Every day is a busy day now at the 2015 World Series of Poker (WSOP) and Day 3 is no exception. Event #2: $5,000 No-Limit Hold'em played from 20 down to a winner, while Event #3: $1,500 Omaha Hi-Lo 8 or Better narrowed the field to under 50. Event #4: $3,000 No-Limit Hold'em Shootout set the final table for Saturday's action, and the hugely anticipated Event #5: The Colossus $565 No-Limit Hold'em got under way with two of its four starting flights.
Event #2: $5,000 No-Limit Hold'em
Event #2: $5,000 No-Limit Hold'em started the day with 20 players remaining and played down until a winner was decided. The initial schedule had Friday's Day 3 playing down to the final table of nine players, but when David "Doc" Sands was eliminated in 10th place for $28,759 less than two and a half hours after the start of the day, the decision was made to play down to a winner.
In addition to Sands, the flurry of bust-outs off the top of the day included Day 2 chip leader Carl Westcott in 12th for $28,759, Nam Le in 13th for $22,670, and Kevin MacPhee in 19th for $14,280.
The final table was a stacked affair that included Bryn Kenney, Byron Kaverman, Jason Wheeler, Greg Merson, and Joe Ebanks. Here is how they stacked up when the final table began:
Byron Kaverman came into the final table with the smallest stack, so it's no surprise that he was first to exit. Kaverman collected $37,030 for ninth place. 2012 WSOP Main Event Champion Greg Merson started the final table with the biggest stack, but was only able to convert that into a fourth-place finish for $152,126.
The tournament came down to heads-up play between Bryn Kenney and Michael Wang. Kenney came into heads-up play with a massive chip advantage, but Wang managed to keep his cool as he battled back to keep himself in the match. It was finally decided on two incredible hands where Wang coolered in successive hands. In the first, Wang took the chip lead when his flopped the stones on a board of . Unfortunately for Kenney, his hit enough of the flop to keep him in, and when he rivered his two pair, there was no way he could get away.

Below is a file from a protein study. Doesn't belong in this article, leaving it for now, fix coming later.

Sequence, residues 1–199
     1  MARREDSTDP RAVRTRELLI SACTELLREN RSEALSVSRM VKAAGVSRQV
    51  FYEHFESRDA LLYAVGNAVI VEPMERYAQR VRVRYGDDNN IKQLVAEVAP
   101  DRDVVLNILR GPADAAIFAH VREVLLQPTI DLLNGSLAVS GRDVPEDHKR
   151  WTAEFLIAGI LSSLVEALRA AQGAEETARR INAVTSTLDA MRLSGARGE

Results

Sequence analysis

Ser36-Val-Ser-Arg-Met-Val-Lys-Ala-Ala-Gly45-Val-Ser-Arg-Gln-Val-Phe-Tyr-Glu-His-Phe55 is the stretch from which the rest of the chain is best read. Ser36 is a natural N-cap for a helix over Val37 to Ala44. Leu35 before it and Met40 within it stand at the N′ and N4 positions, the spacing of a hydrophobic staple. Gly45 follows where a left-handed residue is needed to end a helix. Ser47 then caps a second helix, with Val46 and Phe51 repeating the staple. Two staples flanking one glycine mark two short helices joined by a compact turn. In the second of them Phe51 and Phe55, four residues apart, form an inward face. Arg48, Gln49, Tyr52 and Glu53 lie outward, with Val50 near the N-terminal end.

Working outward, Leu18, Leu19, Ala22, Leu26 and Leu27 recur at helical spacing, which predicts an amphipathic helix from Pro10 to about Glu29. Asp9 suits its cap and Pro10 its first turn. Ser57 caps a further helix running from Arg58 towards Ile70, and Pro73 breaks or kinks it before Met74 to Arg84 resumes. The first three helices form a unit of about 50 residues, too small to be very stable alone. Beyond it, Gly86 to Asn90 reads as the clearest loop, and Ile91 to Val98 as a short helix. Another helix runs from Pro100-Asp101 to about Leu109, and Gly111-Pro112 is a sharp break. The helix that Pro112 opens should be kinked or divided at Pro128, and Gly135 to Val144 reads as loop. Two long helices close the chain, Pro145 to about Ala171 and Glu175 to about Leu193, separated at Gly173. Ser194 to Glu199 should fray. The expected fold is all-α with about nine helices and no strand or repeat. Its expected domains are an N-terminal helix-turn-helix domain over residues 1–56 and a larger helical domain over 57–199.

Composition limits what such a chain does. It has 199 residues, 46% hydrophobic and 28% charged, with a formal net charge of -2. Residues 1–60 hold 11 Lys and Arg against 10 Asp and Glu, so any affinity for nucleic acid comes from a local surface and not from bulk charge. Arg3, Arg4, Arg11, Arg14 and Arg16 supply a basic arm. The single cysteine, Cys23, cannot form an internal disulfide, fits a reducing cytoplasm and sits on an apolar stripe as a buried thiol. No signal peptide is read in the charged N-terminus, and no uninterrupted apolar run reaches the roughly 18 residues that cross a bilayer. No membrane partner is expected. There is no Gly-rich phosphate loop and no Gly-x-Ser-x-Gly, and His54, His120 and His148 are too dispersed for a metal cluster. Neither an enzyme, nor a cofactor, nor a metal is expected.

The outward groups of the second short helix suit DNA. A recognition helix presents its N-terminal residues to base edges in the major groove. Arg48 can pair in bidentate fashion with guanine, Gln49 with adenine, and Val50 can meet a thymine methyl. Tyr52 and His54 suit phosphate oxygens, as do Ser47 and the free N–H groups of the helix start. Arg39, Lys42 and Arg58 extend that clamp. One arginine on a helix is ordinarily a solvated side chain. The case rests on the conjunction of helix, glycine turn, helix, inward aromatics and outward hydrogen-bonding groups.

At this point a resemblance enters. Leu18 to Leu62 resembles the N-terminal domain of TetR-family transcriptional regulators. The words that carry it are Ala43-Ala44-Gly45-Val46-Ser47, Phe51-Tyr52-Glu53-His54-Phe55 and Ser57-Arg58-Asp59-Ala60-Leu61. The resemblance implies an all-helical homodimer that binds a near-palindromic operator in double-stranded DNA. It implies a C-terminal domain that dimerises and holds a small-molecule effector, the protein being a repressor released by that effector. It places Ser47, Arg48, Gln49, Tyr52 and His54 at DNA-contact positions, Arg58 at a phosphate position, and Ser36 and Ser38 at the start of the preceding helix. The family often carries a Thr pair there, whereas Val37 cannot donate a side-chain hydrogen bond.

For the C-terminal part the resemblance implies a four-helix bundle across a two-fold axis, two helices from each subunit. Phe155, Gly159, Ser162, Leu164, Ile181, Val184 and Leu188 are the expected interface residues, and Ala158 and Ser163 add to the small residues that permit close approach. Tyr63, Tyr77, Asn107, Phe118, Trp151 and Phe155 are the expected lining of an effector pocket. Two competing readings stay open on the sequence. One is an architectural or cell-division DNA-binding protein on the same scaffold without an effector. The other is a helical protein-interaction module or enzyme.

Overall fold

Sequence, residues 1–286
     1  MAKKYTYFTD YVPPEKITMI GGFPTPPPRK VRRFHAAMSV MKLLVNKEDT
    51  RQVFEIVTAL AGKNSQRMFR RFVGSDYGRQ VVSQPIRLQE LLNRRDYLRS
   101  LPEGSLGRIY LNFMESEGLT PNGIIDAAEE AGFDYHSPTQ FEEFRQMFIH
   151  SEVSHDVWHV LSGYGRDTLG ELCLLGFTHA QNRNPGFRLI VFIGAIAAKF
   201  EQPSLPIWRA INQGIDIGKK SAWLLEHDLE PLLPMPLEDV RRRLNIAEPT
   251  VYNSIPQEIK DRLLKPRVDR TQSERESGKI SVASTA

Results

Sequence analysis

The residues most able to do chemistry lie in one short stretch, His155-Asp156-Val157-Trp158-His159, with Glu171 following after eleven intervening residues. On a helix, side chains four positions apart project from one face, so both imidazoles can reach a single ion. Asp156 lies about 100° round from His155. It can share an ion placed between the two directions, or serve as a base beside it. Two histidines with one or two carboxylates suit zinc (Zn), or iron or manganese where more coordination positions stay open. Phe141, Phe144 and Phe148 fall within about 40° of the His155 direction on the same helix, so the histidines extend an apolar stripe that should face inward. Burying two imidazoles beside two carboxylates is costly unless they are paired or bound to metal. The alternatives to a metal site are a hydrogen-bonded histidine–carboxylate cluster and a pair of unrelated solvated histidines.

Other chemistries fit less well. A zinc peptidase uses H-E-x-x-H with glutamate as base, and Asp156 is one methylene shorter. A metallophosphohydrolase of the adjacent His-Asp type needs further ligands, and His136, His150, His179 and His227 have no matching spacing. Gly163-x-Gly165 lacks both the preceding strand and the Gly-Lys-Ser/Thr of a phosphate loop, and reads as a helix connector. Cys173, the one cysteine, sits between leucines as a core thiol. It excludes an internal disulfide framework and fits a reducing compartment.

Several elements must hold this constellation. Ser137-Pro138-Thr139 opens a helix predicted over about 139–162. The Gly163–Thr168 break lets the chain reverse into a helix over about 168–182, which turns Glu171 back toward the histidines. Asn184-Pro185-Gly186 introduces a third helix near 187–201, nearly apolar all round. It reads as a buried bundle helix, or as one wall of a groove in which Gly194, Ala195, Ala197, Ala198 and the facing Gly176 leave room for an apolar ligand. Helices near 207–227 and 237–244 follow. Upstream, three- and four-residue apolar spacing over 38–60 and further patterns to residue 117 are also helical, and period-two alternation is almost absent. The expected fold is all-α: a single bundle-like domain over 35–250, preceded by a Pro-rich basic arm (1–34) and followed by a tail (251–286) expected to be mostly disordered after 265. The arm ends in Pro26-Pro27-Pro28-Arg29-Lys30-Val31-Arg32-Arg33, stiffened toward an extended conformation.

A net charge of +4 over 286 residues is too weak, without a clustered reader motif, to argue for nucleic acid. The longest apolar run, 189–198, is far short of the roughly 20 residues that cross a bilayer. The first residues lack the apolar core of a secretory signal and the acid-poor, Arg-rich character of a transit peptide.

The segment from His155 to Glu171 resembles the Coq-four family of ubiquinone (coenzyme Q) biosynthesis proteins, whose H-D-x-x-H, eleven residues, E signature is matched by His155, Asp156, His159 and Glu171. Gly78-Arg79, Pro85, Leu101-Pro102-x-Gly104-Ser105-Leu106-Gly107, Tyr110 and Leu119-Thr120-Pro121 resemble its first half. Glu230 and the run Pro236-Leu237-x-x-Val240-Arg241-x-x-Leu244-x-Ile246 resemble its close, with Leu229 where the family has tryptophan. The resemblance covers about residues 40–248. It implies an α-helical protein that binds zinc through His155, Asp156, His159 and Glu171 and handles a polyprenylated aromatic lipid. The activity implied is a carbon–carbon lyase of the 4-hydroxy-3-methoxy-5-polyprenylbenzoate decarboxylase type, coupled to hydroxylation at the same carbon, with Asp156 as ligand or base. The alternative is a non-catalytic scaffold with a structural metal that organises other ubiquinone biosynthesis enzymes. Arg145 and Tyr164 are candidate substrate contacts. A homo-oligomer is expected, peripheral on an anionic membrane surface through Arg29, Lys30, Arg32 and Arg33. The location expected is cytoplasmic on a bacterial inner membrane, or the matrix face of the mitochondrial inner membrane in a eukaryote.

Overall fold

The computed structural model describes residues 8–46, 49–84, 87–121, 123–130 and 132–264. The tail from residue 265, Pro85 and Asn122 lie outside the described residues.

On the very next hand, Wang raised with and Kenney called with dominated hearts. When both players rivered the heart flush it was all over for Kenney who finished in second for $287,870 while Wang collected $466,120 and the bracelet for his win.
Event #3: $1,500 Omaha Hi-Lo 8 or Better
Day 2 of Event #3: $1,500 Omaha Hi-Lo 8 or Better started with 358 players all looking for one of the 117 paying spots. By the time the day ended, only 49 players remained in contention for the first non-hold'em bracelet of the 2015 series. A total of 918 people entered the tournament, building a prize pool of $1,239,300. That puts $251,022 up top for first place.
Leading the way by a huge margin at the end of Day 2 is American Kelly Vandemheen with 466,000 chips. The next name in the chip counts is the top Canadian of the day. With a second-best stack, Thomas Taylor of Victoria, B.C. will return for Day 3 on Saturday with 288,000 chips. The only other Canadian to bag chips on Day 2 was Winnipeg, Manitoba native Barry Hallman with 48,000.
Notable non-Canadians to move on to Day 3 include Eric Wasserson (235,000), Robert Mizrachi (184,000), and John Monnette (117,000).
Of course not everyone was able to bag chips at the end of the day, but many got the consolation prize of some cash. Two Canadians managed to cash already in the event. Stephen Ladowsky of Toronto, Ontario finished in 73rd for $3,085 while Jaehwa Son of Georgetown, Ontario took home $2,552 for 94th place.
Other notable players who finished in the money include Taylor Paur (63rd — $3,953), Ari Engel (85th — $2,776), and Bart Hanson (95th — $2,552).
Event #4: $3,000 No-Limit Hold'em Shootout
On Day 2 of Event #4: $3,000 No-Limit Hold'em Shootout, 40 of the original 308 players came back to play 10 four-handed tables until a winner emerged from each, creating the final table of 10. Every player who made Day 2 was in the money for having won Round 1 of the shootout format, and every play eliminated on Day 2 made the same min-cash of $6,180.